Storm Constantine, the fantasy author and book publisher who has died at the age of 64, was a prolific novelist and short-story writer. Her work, dealing deeply with gender and sexual politics, was far ahead of its time.
Constantine came to prominence with her 1987 novel The Enchantments of Flesh and Spirit, which introduced her androgynous Wraeththu race and spawned two sequels, The Bewitchments of Love and Hate, and The Fulfillments of Fate and Desire. In a 2016 interview with the writer and editor Nerine Dorman, Constantine said of her bestselling series: “Wraeththu are simply how the human race would be if I could design it myself; androgynous, beautiful (mostly), magical and housed in a more efficient vehicle of flesh and blood.” Continue reading...
Dec 08, 2020
The crowdfunding platform has boomed in the year of coronavirus, with indie mavericks joined by Hollywood royalty
Comics have had a record-breaking year on Kickstarter. By October this year, backers had pledged $22m (£16.5m) to comics projects, up from $17m by the same point in 2019. Since the platform began in 2009, Kickstarter has funded 10,000 comic book projects, to the tune of $127m. With Marvel and DC putting out around 850 individual issues this year between them, that makes Kickstarter far and away the single most prolific publishing platform for comics in the world.
That even actor Keanu Reeves is dipping his toe into Kickstarter, raising $1.45m (£1m) for his comic BRZRKR, created with Matt Kindt and Ron Garney for Boom!, is indicative of a quiet revolution in the medium, one that is now posing a challenge to traditional publishing models. Continue reading...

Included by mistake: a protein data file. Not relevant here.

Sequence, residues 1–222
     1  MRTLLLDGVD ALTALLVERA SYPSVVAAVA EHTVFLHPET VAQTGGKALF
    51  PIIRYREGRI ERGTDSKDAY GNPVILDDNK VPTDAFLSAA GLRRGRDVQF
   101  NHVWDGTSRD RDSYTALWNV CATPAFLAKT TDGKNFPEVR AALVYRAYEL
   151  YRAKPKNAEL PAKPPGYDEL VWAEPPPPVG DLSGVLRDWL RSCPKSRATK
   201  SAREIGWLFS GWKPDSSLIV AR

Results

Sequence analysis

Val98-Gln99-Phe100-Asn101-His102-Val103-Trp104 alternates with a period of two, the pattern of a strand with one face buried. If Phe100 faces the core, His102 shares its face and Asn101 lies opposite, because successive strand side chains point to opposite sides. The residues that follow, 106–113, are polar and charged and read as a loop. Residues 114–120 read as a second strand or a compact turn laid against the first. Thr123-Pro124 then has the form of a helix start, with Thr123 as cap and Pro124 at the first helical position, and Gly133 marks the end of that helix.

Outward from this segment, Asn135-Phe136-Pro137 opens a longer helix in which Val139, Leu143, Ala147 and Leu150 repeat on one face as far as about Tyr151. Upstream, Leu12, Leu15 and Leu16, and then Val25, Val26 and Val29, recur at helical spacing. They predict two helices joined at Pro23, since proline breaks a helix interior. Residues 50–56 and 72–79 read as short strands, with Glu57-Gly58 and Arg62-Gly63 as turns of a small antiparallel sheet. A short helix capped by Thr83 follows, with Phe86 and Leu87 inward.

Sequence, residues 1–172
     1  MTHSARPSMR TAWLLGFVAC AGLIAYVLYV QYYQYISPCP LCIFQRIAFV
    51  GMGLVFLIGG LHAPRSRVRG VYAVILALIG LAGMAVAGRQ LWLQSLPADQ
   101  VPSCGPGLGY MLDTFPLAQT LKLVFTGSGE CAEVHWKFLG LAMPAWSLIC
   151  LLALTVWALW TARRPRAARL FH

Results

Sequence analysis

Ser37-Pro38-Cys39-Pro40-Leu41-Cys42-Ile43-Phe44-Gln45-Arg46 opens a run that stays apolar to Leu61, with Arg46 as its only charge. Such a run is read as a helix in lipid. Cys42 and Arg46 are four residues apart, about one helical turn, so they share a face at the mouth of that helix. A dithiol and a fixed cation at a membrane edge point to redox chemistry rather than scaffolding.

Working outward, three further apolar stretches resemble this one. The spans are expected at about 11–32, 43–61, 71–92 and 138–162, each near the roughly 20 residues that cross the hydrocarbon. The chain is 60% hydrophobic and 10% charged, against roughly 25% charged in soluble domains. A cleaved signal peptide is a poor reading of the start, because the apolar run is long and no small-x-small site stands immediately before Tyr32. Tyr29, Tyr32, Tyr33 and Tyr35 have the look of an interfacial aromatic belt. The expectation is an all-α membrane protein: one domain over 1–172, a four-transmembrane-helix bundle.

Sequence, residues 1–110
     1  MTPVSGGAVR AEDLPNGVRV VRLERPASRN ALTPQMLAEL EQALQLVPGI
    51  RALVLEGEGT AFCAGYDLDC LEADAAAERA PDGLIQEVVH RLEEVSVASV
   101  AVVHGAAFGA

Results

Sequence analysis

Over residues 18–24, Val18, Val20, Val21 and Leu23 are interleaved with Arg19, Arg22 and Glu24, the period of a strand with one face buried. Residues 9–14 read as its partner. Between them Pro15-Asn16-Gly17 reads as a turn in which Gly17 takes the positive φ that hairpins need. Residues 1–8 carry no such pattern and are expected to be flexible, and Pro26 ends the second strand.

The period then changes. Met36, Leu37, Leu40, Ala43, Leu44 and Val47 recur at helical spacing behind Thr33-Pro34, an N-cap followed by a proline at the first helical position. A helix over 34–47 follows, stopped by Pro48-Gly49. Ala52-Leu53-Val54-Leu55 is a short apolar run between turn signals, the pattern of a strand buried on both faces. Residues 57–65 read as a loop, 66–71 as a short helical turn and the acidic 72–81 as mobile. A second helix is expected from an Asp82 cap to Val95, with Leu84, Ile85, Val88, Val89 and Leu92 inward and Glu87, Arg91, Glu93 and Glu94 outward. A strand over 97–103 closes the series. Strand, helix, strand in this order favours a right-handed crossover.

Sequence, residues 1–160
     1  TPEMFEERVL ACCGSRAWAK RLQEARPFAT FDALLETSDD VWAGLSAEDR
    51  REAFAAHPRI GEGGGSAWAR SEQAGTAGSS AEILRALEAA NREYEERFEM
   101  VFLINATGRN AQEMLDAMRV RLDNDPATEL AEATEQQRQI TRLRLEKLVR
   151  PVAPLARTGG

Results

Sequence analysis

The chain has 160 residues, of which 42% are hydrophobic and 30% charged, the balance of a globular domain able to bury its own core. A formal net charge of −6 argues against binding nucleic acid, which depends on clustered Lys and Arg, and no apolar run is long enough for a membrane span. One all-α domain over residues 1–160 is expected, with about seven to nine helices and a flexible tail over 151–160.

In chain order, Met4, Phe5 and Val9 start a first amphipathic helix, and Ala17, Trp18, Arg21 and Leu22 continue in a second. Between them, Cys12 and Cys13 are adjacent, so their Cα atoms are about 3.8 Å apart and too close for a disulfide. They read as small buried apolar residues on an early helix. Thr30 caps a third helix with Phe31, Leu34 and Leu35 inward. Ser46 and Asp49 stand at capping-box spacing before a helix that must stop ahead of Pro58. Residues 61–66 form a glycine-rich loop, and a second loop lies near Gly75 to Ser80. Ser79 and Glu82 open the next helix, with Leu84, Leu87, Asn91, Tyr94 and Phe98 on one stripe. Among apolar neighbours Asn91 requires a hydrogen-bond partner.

Nov 01, 2020
Novelist David Barnett talks to some of the famous names who got started by joining the nationwide creative drive – and offers his hints for success
If everyone has a book in them, then November is the month that many of those books are conceived. NaNoWriMo, or National Novel Writing Month, comes of age this year with its 21st birthday, and the concept remains as simple as it was in 1999: over 30 days, write at least 50,000 words of your novel.
Almost 368,000 novels have been completed by participants. There are no prizes or league tables, just the satisfaction of taking part – and the potential creation of something publishable. Continue reading...